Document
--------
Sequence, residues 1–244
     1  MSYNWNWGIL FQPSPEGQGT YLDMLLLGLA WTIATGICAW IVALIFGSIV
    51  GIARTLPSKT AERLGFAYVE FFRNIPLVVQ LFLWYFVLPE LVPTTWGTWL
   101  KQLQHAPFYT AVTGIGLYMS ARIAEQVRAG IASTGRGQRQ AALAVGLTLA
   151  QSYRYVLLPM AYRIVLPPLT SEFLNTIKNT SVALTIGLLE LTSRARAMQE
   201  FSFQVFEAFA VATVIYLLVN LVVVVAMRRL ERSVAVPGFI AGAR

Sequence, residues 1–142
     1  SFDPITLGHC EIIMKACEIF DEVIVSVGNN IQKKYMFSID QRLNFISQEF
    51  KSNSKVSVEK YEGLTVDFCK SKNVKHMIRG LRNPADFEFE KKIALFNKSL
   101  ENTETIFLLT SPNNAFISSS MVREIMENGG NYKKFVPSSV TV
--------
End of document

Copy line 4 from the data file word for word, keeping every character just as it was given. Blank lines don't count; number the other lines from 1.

   101  KQLQHAPFYT AVTGIGLYMS ARIAEQVRAG IASTGRGQRQ AALAVGLTLA